Recommend a table saw blade or two please.

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Forum topic by Somann posted 02-19-2016 02:27 PM 946 views 0 times favorited 20 replies Add to Favorites Watch
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15 posts in 867 days

02-19-2016 02:27 PM

I recently bought a Grizzly G0690 table saw and need to buy a couple blades. The saw is 3HP, and the riving knife requires full kerf blades. I am a hobbiest with plans of building some cabinets and general woodwork. Will be cross-cutting and ripping soft and hard woods, as well as sheet goods ranging from Baltic birch plywood to MDF core veneer sheets for cabinet boxes. I am willing to buy quality, but also interested in bang for my buck. One thing that’s important is the blade for cutting sheet goods cuts clean and doesn’t splinter the veneer on the face of the sheets.


20 replies so far

View CharlieM1958's profile


16275 posts in 4244 days

#1 posted 02-19-2016 02:32 PM

The Forrest Woodworker II is my favorite all-around blade. I’ve found the Freud Fusion blades to be very good also, and a bit cheaper.

-- Charlie M. "Woodworking - patience = firewood"

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9608 posts in 1511 days

#2 posted 02-19-2016 02:42 PM


-- Shooting down the walls of heartache. Bang bang. I am. The warrior.

View waho6o9's profile


8207 posts in 2602 days

#3 posted 02-19-2016 02:48 PM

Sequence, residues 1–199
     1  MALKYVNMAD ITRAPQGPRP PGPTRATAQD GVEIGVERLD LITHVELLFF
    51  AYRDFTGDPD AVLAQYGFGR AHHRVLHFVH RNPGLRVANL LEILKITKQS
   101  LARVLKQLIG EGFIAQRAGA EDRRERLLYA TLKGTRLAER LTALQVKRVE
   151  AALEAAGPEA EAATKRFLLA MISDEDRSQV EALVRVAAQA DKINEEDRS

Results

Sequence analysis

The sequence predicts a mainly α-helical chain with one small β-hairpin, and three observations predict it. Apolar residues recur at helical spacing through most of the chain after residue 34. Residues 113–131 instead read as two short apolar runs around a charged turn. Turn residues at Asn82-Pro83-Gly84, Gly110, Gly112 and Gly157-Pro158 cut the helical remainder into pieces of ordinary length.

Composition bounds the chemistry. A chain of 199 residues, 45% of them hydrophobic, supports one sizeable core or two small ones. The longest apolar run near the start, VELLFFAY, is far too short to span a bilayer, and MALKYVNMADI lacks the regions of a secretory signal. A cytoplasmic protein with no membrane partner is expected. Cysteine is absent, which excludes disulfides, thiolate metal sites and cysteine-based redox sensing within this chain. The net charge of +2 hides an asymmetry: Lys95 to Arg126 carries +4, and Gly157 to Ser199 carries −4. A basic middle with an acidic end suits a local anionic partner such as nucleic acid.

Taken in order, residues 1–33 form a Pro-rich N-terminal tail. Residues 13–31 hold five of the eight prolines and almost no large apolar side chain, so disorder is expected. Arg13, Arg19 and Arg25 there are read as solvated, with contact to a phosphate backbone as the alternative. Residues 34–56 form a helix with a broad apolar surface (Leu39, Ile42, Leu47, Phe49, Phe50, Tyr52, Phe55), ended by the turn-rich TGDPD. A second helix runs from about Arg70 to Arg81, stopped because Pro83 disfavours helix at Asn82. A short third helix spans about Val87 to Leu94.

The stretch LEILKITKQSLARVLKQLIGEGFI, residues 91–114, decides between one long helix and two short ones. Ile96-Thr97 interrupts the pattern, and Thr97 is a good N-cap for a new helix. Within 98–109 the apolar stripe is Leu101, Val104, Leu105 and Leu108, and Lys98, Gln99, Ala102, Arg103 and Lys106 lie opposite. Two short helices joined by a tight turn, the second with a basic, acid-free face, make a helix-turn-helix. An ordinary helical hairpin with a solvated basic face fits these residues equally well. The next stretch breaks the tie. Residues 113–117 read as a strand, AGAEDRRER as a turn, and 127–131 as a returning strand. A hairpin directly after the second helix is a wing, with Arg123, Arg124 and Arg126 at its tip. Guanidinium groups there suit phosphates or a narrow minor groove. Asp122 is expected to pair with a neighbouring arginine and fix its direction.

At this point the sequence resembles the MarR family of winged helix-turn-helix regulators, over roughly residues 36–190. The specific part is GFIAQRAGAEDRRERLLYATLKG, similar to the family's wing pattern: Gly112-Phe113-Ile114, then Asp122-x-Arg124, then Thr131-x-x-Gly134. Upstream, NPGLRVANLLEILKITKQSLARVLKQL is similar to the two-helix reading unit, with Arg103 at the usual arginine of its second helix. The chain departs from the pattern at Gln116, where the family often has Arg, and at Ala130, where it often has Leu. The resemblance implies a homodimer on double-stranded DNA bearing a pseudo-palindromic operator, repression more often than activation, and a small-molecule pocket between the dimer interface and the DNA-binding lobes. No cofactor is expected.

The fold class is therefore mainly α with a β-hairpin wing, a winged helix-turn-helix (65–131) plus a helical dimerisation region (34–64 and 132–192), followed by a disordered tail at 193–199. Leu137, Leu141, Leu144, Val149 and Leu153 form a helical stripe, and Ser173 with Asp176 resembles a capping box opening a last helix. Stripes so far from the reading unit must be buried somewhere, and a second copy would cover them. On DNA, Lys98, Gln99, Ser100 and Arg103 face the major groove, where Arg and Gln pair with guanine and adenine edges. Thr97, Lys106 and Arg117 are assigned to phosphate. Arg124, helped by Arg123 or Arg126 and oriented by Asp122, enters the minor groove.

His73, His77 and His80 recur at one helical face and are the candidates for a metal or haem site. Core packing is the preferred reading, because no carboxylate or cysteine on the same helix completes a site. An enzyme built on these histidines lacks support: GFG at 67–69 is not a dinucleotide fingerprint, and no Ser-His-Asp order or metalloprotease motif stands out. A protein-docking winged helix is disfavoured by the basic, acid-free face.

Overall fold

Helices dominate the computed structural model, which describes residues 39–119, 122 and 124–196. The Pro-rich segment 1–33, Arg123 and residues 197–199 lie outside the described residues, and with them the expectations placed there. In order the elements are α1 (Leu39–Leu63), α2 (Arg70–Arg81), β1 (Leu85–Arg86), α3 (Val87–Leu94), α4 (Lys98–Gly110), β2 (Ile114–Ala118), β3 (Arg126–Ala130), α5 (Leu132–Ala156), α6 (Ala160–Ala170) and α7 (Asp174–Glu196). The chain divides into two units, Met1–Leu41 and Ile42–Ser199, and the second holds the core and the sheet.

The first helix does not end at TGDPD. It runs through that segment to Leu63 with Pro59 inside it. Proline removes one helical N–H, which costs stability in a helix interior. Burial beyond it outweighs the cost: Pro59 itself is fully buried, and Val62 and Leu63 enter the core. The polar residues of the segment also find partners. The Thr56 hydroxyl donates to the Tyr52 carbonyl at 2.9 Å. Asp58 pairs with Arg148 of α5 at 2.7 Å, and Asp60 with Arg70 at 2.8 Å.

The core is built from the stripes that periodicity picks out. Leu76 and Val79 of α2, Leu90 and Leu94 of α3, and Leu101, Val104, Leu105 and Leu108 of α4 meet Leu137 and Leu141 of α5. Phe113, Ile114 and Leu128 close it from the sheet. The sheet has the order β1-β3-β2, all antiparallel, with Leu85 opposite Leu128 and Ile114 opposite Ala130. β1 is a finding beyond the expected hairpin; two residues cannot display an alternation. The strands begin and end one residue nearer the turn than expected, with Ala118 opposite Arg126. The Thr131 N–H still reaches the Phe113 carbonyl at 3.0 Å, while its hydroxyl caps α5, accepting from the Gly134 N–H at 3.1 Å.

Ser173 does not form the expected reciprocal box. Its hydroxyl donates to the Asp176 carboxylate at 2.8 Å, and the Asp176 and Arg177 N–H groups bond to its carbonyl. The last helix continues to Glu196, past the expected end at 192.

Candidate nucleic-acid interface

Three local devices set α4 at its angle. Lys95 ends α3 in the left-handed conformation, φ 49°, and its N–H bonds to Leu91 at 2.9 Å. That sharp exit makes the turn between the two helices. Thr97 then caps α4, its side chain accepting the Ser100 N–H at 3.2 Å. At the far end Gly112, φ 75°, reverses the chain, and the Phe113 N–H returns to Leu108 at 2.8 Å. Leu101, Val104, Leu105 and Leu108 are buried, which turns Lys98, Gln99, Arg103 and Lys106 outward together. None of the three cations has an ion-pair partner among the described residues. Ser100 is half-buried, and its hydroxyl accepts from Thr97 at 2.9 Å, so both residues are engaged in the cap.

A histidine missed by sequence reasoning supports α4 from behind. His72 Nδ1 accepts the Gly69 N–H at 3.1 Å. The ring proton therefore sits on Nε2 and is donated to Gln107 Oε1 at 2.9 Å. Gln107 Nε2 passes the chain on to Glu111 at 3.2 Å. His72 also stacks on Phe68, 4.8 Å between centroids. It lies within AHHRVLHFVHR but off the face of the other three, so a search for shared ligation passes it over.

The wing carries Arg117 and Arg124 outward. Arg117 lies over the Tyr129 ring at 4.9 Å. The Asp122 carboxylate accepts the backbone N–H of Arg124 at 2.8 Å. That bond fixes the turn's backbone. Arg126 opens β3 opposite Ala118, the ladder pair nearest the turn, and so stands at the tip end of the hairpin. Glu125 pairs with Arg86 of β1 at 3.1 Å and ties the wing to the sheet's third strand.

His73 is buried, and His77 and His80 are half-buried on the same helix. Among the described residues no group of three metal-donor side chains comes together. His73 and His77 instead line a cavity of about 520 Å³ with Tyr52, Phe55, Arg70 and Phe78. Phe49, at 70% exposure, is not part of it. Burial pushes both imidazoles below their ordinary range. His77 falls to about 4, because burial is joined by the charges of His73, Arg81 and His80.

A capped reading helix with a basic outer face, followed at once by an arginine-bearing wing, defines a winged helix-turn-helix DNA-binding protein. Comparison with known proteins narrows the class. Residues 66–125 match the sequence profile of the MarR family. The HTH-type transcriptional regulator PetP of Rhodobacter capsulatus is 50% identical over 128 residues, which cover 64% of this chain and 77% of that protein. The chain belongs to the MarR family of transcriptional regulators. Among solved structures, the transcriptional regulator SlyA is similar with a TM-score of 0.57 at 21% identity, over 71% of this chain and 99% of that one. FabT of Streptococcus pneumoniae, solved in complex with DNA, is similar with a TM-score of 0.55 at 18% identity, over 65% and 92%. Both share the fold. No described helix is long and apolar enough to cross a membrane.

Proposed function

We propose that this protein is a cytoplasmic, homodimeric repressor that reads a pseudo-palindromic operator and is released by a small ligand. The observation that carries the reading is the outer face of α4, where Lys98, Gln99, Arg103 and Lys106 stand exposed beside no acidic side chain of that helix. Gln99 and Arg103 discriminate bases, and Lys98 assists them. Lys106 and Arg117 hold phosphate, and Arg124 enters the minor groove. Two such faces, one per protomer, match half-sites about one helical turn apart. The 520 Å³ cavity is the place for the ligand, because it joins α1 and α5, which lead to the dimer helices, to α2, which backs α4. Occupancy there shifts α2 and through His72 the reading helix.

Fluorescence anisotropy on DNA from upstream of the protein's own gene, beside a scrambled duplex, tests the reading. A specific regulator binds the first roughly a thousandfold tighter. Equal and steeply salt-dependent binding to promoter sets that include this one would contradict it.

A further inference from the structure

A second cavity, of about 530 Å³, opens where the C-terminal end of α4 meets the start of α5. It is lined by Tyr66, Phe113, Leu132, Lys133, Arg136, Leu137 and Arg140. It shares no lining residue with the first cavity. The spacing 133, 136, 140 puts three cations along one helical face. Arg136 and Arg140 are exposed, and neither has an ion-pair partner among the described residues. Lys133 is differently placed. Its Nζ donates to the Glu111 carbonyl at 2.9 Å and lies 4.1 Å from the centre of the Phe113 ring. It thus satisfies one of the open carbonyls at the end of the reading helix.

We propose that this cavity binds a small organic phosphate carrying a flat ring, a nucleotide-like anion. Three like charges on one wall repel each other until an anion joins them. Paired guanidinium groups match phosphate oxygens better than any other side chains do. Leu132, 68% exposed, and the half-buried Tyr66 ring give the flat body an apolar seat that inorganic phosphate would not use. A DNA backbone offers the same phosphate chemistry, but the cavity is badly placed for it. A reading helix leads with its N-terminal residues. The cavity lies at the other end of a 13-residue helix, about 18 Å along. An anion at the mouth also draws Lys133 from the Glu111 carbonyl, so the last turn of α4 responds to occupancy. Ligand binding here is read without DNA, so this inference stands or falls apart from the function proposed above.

Infinity works well and the Freud blades are good too.

No idea on the Forrest but I’d trust the above LJers recommendations.

View Somann's profile


15 posts in 867 days

#4 posted 02-19-2016 02:51 PM

If I had to limit it to 2 blades (just for now) would it make sense to get one dedicated for the sheet goods, and then a good combo type for the solid woods?

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117117 posts in 3603 days

#5 posted 02-19-2016 02:53 PM

Take a look at this.

-- wood crafting & woodworking classes

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15 posts in 867 days

#6 posted 02-19-2016 03:07 PM

Thanks for all the info

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8207 posts in 2602 days

#7 posted 02-19-2016 04:28 PM

Great blog Knotscott and thanks for posting the link a1Jim,

had to save in favorites.

View HokieKen's profile


5246 posts in 1164 days

#8 posted 02-19-2016 04:29 PM

I am a fan of Freud blades as well. Not the best blade, but IME, best value if you don’t want to spend Forrest type cash.

If I had to limit it to 2 blades (just for now) would it make sense to get one dedicated for the sheet goods, and then a good combo type for the solid woods?

- Somann

I think it depends on the solid woods. If it’s a lot of 4/4 poplar and soft maple, a 40T combo blade will be fine for rip and cross cuts. If it’s a lot of 8/4 hard maple and oak, you’re going to need a good dedicated rip blade then you could use a 50T combo blade for Xcuts and sheet goods.

-- Kenny, SW VA, Go Hokies!!!

View Brian's profile


180 posts in 2057 days

#9 posted 02-19-2016 04:31 PM

Spend the money on the forrest. You won’t regret it. It changed my entire view on my unisaw again.